August 20, 2019
Facebook rolls out tool to block off-Facebook data gathering
Soon, you could get fewer familiar ads following you around the internet—or at least on Facebook.
Facebook is launching a long-promised tool that lets you limit what the social network can gather about you on outside websites and apps.
The company said Tuesday that it is adding a section where you can see the activity that Facebook tracks outside its service via its "like" buttons and other means. You can choose to turn off the tracking; otherwise, tracking will continue the same way it has been.
Formerly known as "clear history," the tool will now go by the slightly clunkier moniker "off-Facebook activity." The feature launches in South Korea, Ireland and Spain on Tuesday, consistent with Facebook's tendency to launch features in smaller markets first. The company did not give a timeline for when it might expand it to the U.S. and other countries, only that it will be in "coming months."
What you do off Facebook is among the many pieces of information that Facebook uses to target ads to people. Blocking the tracking could mean fewer ads that seem familiar—for example, for a pair of shoes you decided not to buy, or a nonprofit you donated money to. But it won't change the actual number of ads you'll see on Facebook. Nor will it change how your actions on Facebook are used to show you ads.
Even if you turn off tracking, Facebook will still gather data on your off-Facebook activities. It will simply disconnect those activities from your Facebook profile. Facebook says businesses won't know you clicked on their ad—but they'll know that someone did. So Facebook can still tell advertisers how well their ads are performing.
Jasmine Enberg, social media analyst at research firm eMarketer, said the tool is part of Facebook's efforts to be clearer to users on how it tracks them and likely "an effort to stay one step ahead of regulators, in the U.S. and abroad."
Facebook faces increasing governmental scrutiny over its privacy practices, including a record $5 billion fine from the U.S. Federal Trade Commission for mishandling user data. Boosting its privacy protections could help the company pre-empt regulation and further punishment. But it's a delicate dance, as Facebook still depends on highly targeted advertising for nearly all of its revenue.
CEO Mark Zuckerberg announced the "clear history" feature more than a year ago. The company said building it has been a complicated technical process, which is also the reason for the slow, gradual rollout. Facebook said it sought input from users, privacy experts and policymakers along the way, which led to some changes. For instance, users will be able to disconnect their activity from a specific websites or apps, or reconnect to a specific site while keeping other future tracking turned off.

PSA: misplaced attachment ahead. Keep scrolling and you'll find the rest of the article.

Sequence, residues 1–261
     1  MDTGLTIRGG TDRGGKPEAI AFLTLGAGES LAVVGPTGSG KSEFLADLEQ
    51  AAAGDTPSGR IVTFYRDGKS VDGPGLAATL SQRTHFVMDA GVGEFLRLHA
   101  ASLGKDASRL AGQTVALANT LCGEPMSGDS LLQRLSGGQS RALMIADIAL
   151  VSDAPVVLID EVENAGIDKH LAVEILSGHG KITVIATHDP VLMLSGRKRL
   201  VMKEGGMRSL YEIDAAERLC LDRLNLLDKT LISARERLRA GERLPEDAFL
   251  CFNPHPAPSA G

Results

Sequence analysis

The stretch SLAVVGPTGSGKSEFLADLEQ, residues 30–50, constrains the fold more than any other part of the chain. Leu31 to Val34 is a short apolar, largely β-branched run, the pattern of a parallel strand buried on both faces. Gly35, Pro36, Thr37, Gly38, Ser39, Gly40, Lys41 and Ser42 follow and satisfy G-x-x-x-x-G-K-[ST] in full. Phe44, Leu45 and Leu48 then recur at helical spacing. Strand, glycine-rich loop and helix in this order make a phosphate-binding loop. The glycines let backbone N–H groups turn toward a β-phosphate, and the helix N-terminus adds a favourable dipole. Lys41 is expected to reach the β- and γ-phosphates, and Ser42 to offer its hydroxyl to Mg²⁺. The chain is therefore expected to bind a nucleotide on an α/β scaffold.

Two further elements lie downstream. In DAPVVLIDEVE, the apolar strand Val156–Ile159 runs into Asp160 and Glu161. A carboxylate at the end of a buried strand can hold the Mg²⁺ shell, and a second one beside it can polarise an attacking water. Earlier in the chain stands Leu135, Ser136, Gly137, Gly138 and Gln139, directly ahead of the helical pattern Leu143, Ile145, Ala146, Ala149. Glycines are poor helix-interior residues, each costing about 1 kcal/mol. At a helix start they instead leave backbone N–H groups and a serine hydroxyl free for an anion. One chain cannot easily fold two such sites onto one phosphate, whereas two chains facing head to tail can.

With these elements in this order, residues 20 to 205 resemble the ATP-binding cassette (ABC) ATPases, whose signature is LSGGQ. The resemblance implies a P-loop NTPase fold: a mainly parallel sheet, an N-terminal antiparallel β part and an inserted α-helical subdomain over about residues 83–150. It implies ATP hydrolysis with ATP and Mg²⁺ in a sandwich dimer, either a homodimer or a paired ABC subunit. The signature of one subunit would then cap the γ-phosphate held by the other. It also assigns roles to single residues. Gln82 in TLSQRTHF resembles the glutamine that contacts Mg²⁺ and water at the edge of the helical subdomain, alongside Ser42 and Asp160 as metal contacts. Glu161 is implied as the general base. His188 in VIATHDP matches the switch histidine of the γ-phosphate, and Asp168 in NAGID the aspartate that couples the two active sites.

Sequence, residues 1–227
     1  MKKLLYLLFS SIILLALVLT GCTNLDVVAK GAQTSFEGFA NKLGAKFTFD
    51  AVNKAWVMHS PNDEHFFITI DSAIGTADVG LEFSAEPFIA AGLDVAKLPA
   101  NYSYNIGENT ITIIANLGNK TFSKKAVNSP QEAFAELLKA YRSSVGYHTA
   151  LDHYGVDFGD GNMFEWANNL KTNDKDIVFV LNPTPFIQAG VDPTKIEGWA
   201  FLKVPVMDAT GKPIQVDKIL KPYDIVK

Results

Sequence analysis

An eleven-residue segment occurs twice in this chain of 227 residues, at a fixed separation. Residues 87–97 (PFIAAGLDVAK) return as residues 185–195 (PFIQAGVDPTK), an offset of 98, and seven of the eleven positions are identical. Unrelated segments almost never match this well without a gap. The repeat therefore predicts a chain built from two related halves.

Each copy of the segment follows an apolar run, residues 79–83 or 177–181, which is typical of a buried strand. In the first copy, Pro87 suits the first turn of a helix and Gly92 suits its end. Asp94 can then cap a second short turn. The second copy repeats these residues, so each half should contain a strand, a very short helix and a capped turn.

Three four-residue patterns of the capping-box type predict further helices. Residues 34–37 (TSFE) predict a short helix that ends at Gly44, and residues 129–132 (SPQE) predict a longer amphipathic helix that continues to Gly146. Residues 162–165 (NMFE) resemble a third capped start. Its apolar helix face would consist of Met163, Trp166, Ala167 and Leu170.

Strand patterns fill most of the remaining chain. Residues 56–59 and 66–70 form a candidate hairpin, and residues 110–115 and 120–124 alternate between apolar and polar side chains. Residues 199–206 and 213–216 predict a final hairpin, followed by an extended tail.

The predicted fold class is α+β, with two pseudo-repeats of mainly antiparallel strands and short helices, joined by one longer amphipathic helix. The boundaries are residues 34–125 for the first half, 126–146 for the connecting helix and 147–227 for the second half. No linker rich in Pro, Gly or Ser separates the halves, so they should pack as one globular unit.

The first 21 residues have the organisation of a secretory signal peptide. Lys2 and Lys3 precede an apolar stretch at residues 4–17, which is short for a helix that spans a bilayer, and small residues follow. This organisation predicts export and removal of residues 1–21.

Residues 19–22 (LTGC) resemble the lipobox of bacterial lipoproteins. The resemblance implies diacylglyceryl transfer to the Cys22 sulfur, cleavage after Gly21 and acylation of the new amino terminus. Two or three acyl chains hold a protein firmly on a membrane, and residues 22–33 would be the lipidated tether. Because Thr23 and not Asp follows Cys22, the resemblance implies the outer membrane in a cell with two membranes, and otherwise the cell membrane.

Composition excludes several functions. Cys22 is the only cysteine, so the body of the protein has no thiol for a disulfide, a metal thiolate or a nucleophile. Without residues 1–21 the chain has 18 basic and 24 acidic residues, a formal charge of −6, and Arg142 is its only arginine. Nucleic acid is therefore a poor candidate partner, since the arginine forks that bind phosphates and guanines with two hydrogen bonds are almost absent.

You'll be able to access the feature by going to your Facebook settings and scrolling down to "your Facebook information." The "off-Facebook activity" section will be there when it launches.
The tool will let you delete your past browsing history from Facebook and prevent it from keeping track of your future clicks, taps and website visits going forward. Doing so means that Facebook won't use information gleaned from apps and websites to target ads to you on Facebook, Instagram and Messenger. It also won't use such information to show you posts that Facebook thinks you might like based on your offsite activity, such as news articles shared by your friends.
Stephanie Max, product manager at Facebook, said the company believes the tool could affect revenue, though she didn't say how much. But she said giving people "transparency and control" is important.
Enberg, the eMarketer analyst, said the ultimate impact "depends on consumer adoption. It takes a proactive step for consumers to go into their Facebook settings and turn on the feature."
People who say they value privacy often don't actually do anything about it, she said, so it's possible too few people will use this tool to have a meaningful effect on Facebook's bottom line.
© 2019 The Associated Press. All rights reserved.